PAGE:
Bernard McGrath.

Bernard McGrath. Photo: Dean Kozanic

RELATIVES of alleged victims of a former Catholic brother paedophile say police were given official complaints about him two years ago, raising questions about how he was able to move to a Sri Lankan tea plantation earlier this year.

They now fear Bernard McGrath could pose a significant risk to children he was likely to encounter while living overseas.

NSW Police have refused to explain why they did not speed up extradition proceedings for McGrath. He left his Christchurch base in New Zealand's south island around ''early winter'' to travel to the Sri Lankan tea plantation, according to his New Zealand-based brother, Clem.

Court records show NSW police lodged 252 charges against the former St John of God Order brother in Newcastle court on June 27 relating to his time at the Kendall Grange boys home at Morisset on the NSW central coast from the 1950s to the 1990s.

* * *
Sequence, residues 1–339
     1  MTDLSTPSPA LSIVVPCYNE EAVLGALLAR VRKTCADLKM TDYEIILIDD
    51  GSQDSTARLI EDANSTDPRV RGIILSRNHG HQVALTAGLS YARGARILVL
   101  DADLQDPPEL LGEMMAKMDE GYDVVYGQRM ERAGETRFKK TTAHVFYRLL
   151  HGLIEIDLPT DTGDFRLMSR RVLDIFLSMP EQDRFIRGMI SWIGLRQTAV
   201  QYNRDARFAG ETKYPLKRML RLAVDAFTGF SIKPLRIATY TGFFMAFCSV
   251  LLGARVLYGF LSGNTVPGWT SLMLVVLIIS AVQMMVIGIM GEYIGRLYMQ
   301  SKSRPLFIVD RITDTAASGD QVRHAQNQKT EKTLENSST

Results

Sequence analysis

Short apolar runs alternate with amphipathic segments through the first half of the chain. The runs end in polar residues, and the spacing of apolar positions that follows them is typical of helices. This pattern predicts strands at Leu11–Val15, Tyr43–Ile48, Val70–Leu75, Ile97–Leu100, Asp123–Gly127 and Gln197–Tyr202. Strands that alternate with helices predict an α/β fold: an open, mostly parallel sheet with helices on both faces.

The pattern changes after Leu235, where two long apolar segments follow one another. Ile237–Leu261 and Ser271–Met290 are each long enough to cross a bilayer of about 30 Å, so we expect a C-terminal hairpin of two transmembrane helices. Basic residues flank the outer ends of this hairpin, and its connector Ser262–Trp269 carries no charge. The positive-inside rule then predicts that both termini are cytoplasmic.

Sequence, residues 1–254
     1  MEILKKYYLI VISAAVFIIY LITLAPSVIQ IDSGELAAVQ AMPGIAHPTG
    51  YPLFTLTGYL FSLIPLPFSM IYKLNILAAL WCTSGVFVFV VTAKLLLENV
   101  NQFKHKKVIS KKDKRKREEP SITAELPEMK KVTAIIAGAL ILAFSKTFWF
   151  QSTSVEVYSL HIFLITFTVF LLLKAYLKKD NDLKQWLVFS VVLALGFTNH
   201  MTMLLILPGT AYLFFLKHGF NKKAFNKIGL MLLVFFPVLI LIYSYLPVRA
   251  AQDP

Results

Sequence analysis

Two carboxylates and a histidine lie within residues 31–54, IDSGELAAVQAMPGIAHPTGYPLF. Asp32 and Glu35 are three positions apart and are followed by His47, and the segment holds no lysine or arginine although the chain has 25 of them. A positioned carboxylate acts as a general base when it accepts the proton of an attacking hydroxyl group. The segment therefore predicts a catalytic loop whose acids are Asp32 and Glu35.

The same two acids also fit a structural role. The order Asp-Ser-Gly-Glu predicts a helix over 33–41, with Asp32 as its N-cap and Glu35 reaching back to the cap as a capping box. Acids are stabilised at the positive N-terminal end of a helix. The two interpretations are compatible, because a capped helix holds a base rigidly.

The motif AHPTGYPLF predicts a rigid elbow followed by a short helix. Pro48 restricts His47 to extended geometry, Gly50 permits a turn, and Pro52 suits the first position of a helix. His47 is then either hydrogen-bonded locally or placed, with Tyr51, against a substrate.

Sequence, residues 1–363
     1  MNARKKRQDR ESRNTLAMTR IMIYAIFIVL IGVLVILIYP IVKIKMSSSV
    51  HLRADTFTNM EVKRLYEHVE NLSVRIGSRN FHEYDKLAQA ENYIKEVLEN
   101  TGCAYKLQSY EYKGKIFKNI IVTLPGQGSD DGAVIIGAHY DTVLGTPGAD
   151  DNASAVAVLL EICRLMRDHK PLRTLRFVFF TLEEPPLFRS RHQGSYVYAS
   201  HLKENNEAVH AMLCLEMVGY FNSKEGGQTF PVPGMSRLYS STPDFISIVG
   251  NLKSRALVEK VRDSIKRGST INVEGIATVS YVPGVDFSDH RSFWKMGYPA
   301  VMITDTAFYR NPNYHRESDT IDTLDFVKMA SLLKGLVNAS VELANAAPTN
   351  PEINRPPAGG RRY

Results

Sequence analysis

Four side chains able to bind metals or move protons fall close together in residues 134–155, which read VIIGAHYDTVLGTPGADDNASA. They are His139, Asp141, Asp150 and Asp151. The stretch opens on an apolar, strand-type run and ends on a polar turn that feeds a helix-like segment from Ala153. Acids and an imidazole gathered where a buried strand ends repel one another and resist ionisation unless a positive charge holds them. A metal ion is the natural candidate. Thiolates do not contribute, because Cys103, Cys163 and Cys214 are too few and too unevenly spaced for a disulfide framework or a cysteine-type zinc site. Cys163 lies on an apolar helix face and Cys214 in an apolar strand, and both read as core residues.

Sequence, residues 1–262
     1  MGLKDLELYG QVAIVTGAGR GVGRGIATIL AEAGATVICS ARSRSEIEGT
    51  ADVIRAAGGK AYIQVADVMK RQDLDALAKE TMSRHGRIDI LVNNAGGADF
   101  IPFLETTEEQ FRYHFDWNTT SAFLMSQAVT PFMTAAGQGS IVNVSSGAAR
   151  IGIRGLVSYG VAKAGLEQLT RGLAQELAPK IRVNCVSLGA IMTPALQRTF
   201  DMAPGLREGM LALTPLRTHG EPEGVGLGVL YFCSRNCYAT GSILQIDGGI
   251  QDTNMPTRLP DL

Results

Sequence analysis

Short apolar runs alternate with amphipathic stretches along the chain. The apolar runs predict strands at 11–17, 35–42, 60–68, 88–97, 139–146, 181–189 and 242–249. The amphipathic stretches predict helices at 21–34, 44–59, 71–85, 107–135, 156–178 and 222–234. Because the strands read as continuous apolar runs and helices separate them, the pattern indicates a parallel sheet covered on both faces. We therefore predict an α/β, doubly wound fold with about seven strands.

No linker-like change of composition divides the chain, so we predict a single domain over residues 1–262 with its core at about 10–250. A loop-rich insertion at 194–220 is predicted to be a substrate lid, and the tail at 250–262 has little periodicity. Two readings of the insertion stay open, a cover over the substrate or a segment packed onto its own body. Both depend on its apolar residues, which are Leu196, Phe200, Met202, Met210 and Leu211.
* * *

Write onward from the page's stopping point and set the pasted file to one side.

But a NZ source told Fairfax Media that the formal extradition request had only come to NZ police from Interpol on November 15 - nearly five months after the charges were laid.

Yesterday the father of one of McGrath's alleged victims questioned whether police had been given enough resources.

''It is appallingly wrong to think that anyone might have got away with crimes because of the systems we have,'' he said.

Two years ago, the man said, he reported his son's allegations about McGrath to police. Charlestown police established Strike Force Lozano to investigate allegations from the 1970s and 1980s.

On Monday, Detective Senior Constable Russell Turnbull of Strike Force Lozano declined to comment.